Saturday, December 10, 2011

Elliott Carter at the 92d Street Y

Elliott Carter with Carol Archer at the Dec. 8 concert. (Richard Termine for the New York Times.)

I met Elliott Carter for the first time thirty-five years ago after a concert of his music at a YMHA in Philadelphia. The musicians onstage included Fred Sherry and Rolfe Schulte.

My most recent meeting with Mr. Carter place Thursday evening after a concert of his music at a YMHA in New York. The musicians onstage included Fred Sherry and Rolfe Schulte.

I’m afraid I’ve fallen into a rut.

But I can’t say Mr. Carter has. Thursday evening’s concert at 92ndStreet Y, presented in celebration of the composer’s 103rd birthday on December 11, was far from a rehash of the his greatest hits. None of the 13 pieces on the bill existed back in 1976, and eight of them have appeared since 2008, when Mr. Carter turned 100. Two world premieres were listed in the printed program, and two more were announced from the stage: “Mnemosyne” for solo violin (named for the mother of the Muses) and “Rigmarole,” a witty little argument for the unlikely combination of cello and bass clarinet, were both completed just last month.

The oldest work on Thursday’s program was the beautiful harp solo “Bariolage,” from 1992, a favorite of mine, played with ravishing intensity by the young Bridget Kibbey.

OK, so he’s told. So what? Longevity is a statistical glitch, a spot on the actuarial bell curve. Mr. Carter’s age and productivity wouldn’t be so remarkable if his recent music wasn’t so good. Now, the sense of celebration and the warm acoustics of the Kaufmann Concert Hall are probably influencing my reaction, but some of the short works at played Thursday’s concert — none was longer than 12 minutes — felt like major statements. “Mnemosyne” sounded to me like a hyperdistillation of the Bach Chaconne, and all during the last piece — “A Sunbeam’s Architecture,” for tenor and chamber orchestra, on poems by E.E. Cummings — I kept thinking of Mahler.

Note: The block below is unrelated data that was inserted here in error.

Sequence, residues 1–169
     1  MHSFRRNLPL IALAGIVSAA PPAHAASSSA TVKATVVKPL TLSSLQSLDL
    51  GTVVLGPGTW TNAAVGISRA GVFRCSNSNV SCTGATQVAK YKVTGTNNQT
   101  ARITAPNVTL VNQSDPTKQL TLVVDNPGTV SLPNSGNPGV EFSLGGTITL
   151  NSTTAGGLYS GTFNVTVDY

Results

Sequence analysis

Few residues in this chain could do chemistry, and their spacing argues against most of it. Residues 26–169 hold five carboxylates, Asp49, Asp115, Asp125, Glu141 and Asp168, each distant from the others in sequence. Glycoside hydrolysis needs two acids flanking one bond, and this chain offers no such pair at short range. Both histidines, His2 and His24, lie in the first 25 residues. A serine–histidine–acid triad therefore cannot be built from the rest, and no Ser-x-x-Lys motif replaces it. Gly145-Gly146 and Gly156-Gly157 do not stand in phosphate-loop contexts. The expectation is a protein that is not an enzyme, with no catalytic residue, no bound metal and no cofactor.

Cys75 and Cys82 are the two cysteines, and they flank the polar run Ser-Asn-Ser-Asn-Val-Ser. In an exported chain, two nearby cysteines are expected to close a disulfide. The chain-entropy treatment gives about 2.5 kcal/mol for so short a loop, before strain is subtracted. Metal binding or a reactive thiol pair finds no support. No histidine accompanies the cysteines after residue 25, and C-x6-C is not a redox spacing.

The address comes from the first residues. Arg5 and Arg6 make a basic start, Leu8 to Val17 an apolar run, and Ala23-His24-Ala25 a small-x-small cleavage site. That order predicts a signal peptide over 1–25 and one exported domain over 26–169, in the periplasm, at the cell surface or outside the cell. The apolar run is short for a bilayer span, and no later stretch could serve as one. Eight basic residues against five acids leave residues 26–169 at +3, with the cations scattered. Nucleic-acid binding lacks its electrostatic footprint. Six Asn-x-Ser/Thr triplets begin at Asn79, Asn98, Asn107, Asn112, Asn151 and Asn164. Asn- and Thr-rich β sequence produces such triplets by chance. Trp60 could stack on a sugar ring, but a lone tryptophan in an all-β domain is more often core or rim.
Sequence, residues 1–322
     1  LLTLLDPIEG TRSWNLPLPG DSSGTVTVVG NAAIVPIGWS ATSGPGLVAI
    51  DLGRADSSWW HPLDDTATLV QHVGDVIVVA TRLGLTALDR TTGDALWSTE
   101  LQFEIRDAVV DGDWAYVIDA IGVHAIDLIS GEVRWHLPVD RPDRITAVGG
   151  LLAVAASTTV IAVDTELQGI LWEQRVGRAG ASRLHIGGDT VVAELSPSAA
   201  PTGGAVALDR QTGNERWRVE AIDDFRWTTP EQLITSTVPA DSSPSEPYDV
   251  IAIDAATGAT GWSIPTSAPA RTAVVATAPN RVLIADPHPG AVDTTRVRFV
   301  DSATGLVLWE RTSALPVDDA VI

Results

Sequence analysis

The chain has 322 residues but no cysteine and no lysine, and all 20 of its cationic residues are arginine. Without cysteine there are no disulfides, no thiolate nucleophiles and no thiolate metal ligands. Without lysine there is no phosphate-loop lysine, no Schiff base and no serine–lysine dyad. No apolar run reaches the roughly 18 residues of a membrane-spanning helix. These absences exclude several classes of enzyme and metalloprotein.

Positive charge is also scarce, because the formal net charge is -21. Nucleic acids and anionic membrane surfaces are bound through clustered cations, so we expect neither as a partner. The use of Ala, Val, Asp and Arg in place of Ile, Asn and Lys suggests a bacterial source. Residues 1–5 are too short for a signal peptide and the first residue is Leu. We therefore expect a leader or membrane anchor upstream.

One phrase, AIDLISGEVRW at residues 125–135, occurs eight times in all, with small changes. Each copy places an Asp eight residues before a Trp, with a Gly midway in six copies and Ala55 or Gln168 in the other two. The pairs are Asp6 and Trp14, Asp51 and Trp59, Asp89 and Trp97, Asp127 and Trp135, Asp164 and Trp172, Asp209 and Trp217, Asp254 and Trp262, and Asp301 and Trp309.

After the performance, audience members and musicians crowded into the little art gallery beside the hall. Mr. Carter sat in a wheelchair, and while a young man in a suit and tie tried to arrange the players around him for a picture, I bent over him and an took his hand.

“I just wanted to say congratulations, and thank you so much,” I said.

“Well, thank you!” he replied with that big smile of his and empahasis on the "you."

And that was all.

Anthony Tomassini has a nice review in today’s New York Times. He calls Mnemosyne “sometimes agitated, sometimes mercurial,” which is odd, because I remember it as meditative. The difference in impression just shows you how we’re all just coming to terms with Mr. Carter’s music.

A shout out and thank you to Karen Yager, who sat next to me in the hall. I had never met her, but she was a knowledgeable and warm-hearted concert companion.

And, in the New York Is Not for Sissies Department: Due to construction, the E train, which I had planned to ride back to Penn Station, was not running after the performance. I didn’t know that until I tried to transfer from the 6 train at 51st Street, and no one I asked had any idea of an alternative route. After peering at the map (which had been scraped white just over the 51st Street interchange), I took the 6 back to 59th Street, transferred to the N, which took me to Times Square, where I caught the 3 back to Penn. My Jersey Transit train was scheduled to leave at 11:06. I got to the station at 11:01. My legs and back were stiff all day Friday from running up and down the steps in Gotham’s underground caverns.

Finally, to the woman I met on the E train platform: if you see this, email me.


john schott said...

Wish I could have been there - thank you for your earwitness. Schwartz's opening solo at the beginning of Symph of 3 Orch is definitely something I've listened to at least a thousand times! I copied the solo out, transposed it to C and tried to play it on guitar along with the record! I'd love to see a personnel listing for that Boulez/NY Phil recording. Paul Jacobs on piano. Stanley Drucker. I'll have to look into it. Take care!

Joe Barron said...

Just how do you transpose an atonal, highly chromatic passage to "C"? What does C even mean in this context?